Jack Hooper, whose large commercial solar business GEM Energy operates almost exclusively in Queensland, said he understood the concerns around safety, but the government’s “knee-jerk reaction” to those concerns made no sense.
“I’ve seen some ridiculous things, and this is up there,” he told RE.
“There’s been a lack of consultation, particularly with guys like us that are on the ground.
“Ruling a line in the sand between small-scale and large-scale based on the cut-off for the large-scale rebate scheme is crazy.
“It means that you don’t need to be an electrician to mount a solar panel to the roof on a 99.9kW job, but you do for a 100kW job, even though the risk profile is the same. And even though, the reality is, installing a solar panel is not electrical work. … It’s outrageous.”
And for his company, Hooper told RE, the implications are dramatic.
“We have done some maths. On a 200kW job, we might have a team of five people or six people, of which there’d be two electricians – or 30 per cent. The rest would be apprentices and TAs (trade assistants).
“With this rule, we would need to change this mix to 80 per cent electricians. In doing so, this would not only raise the cost of the project, but it would make it take a lot longer.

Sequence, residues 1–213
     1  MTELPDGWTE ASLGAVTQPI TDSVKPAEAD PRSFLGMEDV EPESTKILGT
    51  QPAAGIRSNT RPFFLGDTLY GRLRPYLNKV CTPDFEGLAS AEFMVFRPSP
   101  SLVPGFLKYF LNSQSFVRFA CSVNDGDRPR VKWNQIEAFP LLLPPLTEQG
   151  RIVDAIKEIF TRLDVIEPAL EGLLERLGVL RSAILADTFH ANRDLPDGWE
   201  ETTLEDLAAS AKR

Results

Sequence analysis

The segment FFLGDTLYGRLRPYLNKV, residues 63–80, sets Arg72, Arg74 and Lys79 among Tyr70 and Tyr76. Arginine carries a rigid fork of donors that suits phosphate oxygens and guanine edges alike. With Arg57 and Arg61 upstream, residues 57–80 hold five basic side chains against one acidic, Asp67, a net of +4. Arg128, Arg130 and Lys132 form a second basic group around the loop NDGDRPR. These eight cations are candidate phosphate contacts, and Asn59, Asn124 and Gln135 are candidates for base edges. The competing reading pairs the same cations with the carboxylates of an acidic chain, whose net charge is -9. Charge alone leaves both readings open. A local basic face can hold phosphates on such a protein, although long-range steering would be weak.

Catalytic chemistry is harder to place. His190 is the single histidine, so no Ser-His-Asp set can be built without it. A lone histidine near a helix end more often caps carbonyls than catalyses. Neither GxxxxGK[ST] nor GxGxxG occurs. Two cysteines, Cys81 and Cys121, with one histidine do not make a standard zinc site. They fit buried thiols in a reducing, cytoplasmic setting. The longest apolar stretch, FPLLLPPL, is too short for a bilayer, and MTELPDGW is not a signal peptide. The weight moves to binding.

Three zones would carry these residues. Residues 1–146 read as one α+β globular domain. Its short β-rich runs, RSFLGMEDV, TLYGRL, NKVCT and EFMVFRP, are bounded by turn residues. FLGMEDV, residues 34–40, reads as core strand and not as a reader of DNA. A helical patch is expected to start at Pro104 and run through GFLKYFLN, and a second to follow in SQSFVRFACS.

“And while it would remove the opportunities for apprentices and TAs, …there would be a shortage of skilled electricians to do the work.
“What they’ve done is given us four weeks notice to change the entire makeup base of our workforce.
“Under constriction we’ve currently got a 1.3MW project, a 790kW project, a 1.1MW project, a 911kW project and a 500kW project that will all come to a grinding halt because we’re not going to be able resource to deliver these projects,” Hooper said.
“They should have consulted people on the front line that are installing and developing these projects, like ours.
“They should have gone to industry and had a review period of six months. They should offer courses for TAs and apprentices on the safe handling of panels.
“Instead, it’s a knee-jerk reaction to the wrongdoings of a handful of companies.
“And the implications are dramatic. We’re looking at a 10-15 per cent increase to the capex cost of projects, and we then also don’t have the labour force to deliver them.”